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Sunday, Dec. 23, 2012

EDITORIAL

Facedown over privacy

In and around Tokyo, face-recognition cameras have started to take photos of passersby at various locations. Supermarket chains, shopping malls and vending machines inside JR East stations all have been using face-recognition software to identify the sex and age of individuals who come within line of sight of their cameras.

That information is then used to determine what product to recommend and which particular ads draw people's attention, or simply to acquire data on what kind of people stop by.

All of that might seem like one more little technological marvel in gadget-loving Japan. However, the use of that visual data must be considered and measures taken to ensure that the right to privacy is maintained.

Even though companies claim they do not store the data and that individuals remain anonymous, the technology for recognizing faces and linking them to commercial behavior and private data has the potential for misuse.

Face-recognition software now has the capacity to easily connect with online search engines and open information sources.

At Carnegie Mellon University in the United States, a researcher using off-the-shelf software and a cheap digital camera was able to put a name to the face of one-third of the students passing by on campus within three seconds. Police used such software to arrest 19 criminals at the 2011 Super Bowl.

While technology may help with security and police issues, its use by private as well as public entities needs careful regulation.

Face-recognition technology is improving and its use is spreading. Already, Facebook uses a function that automatically tags friends in pictures. Facebook is reported to have an estimated 90 billion photos, with an estimated 6 billion new photos uploaded each month.

Connecting sources of individual information with surreptitiously acquired photos has the potential to easily identify large numbers of people without their knowledge or consent.

Face data collection may soon be an important research and marketing technique, so pressure from companies to use it will continue to increase. Analyzing photos taken by small cameras provides a wealth of biometric data.

Even when the identity of the person in the photo is not determined, the age, gender, clothing, direction of eyes and other data can be captured, analyzed and stored. Making connections between the photos and other data has the potential for intrusion into individual privacy.

Marketing companies claim that the data is not stored, and that abstract data, such as age, gender, time and date, and where the eyes of the individual look, is simply analyzed, but not stored. Most of the small cameras in use are not easily noticeable, and in some displays in Tokyo, passersby were not informed that cameras were in operation or for what purpose. They should be informed clearly and directly.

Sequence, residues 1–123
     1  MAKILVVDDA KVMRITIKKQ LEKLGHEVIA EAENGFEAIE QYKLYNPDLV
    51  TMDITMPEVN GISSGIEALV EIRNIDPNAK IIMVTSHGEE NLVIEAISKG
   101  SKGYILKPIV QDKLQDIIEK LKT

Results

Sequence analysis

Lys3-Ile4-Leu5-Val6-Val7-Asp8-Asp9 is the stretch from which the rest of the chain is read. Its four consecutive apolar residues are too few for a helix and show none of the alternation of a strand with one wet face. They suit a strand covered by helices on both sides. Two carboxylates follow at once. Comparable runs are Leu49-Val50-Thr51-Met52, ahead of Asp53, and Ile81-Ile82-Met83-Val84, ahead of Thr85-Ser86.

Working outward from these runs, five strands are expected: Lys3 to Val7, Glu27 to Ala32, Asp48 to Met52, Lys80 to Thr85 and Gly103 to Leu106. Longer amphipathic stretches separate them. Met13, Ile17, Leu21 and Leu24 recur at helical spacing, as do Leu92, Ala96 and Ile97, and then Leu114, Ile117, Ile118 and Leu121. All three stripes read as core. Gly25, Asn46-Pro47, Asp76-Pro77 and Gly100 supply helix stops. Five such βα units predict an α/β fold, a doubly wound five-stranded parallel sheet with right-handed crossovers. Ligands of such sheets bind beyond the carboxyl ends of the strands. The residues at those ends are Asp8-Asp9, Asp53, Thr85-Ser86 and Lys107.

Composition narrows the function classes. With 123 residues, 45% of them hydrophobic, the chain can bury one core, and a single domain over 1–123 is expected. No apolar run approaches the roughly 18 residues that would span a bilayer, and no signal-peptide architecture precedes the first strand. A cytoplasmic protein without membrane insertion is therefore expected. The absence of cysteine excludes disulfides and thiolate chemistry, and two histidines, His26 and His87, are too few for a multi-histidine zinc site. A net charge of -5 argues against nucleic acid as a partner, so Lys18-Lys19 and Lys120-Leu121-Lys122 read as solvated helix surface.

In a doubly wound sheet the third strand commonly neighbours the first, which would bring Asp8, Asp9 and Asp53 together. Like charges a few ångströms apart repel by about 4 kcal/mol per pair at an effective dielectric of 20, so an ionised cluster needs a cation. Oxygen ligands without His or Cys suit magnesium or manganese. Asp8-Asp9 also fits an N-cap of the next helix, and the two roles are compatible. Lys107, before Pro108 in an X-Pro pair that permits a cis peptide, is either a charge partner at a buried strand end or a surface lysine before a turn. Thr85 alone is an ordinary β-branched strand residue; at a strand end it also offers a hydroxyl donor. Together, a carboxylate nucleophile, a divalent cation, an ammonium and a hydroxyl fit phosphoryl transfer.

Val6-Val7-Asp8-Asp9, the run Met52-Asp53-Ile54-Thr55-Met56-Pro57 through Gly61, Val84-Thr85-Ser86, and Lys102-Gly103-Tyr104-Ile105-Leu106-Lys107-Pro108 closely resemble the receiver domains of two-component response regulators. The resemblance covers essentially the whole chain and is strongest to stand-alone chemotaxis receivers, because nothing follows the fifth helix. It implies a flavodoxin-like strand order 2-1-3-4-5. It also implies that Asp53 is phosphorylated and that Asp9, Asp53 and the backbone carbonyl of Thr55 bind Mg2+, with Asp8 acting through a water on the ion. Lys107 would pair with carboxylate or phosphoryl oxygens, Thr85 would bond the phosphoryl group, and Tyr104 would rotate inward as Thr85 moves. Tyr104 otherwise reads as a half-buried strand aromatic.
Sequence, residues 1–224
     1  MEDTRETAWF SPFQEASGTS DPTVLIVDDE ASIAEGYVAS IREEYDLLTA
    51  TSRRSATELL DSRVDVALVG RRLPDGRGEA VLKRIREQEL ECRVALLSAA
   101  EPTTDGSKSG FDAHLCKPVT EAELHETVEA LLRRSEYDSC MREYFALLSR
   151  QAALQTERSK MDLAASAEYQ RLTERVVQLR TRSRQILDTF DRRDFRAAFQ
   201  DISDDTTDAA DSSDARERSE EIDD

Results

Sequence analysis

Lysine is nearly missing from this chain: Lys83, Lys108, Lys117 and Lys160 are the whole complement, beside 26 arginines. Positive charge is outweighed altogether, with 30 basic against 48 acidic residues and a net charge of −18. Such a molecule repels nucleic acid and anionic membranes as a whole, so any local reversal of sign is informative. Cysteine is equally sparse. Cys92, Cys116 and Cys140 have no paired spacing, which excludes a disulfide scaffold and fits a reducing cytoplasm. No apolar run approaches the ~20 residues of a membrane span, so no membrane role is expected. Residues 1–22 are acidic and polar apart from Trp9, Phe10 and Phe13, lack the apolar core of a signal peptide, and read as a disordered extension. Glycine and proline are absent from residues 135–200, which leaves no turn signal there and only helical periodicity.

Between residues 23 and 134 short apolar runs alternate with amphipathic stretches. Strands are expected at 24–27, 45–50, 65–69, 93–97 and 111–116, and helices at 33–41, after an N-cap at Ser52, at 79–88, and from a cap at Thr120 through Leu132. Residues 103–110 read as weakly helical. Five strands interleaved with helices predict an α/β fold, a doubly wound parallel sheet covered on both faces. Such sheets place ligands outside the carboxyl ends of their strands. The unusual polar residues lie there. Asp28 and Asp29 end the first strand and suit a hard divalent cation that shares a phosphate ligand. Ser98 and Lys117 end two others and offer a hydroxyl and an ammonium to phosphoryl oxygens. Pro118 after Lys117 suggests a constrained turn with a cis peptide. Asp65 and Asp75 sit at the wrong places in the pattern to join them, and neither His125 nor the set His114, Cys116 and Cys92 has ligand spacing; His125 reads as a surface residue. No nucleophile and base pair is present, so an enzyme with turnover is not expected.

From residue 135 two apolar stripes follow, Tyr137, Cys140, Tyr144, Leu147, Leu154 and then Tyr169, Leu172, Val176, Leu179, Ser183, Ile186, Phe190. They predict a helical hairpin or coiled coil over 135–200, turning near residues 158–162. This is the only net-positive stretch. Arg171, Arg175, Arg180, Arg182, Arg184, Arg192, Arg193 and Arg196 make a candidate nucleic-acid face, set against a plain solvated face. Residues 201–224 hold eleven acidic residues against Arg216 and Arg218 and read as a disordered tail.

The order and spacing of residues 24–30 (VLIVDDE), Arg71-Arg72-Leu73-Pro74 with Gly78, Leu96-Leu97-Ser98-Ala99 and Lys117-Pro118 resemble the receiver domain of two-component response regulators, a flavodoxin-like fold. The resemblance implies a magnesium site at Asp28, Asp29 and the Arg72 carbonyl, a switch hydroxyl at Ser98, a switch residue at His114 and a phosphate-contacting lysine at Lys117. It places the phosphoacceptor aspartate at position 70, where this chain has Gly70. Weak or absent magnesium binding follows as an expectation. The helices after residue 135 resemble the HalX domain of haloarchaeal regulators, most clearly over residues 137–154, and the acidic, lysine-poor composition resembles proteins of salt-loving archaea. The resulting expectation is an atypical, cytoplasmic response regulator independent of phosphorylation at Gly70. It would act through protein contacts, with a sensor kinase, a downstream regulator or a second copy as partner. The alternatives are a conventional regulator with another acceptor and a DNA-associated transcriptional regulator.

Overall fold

Regulating how to inform people and how permission can be granted are important issues that government agencies should start working on immediately.

The guidelines under the Protection of Personal Information Law in Japan state that camera images are part of individuals' personal information. However, no ministry or agency has yet to sufficiently establish a set of rules concerning privacy issues related to visual information.

Visual data connected to one's identity deserve just as much protection as other personal information. Already, lawmakers and advocates in the U.S. are calling for regulation of this new technology. Japan should address the issue in line with its own laws and regulations.

Thus far, there is nothing yet to restrict corporations from profiting from anyone's secretly obtained biometric information or from disseminating that information without the person's consent. Even though companies may not be able to use the image of a person, they can use all the other data suggested within that image. Stronger regulations should be established for when, why and how that information may be, or, better yet, may not be, used.

Since the advent of the Internet, faces have become identifiable in a flash from around the world. The process of taking, storing and using data is now much easier than ever before.

Without sufficient safeguards, the data collected via face-recognition software could also be used for illicit, unpermitted or simply embarrassing purposes.

In Japan, where laws protecting privacy are generally respected, no one wants to have his or her own picture sent to an employer after protesting nuclear power, getting a tattoo or making an expensive purchase at a name-brand store. Privacy deserves to be legally protected and socially respected.

Facial features are one of the most important markers of identity. Every passport and ID card carries a face photo. The new face-recognition technology will only increase in quality and scope. As it does, the right to not have one's image used without permission should be legally protected.

Laws need to keep pace with the technology, though that is not always so easy. In Japan, regulation lags while technology speeds ahead. The government needs to ensure that the restless progress of consumer marketing does not invade the privacy rights of individuals.



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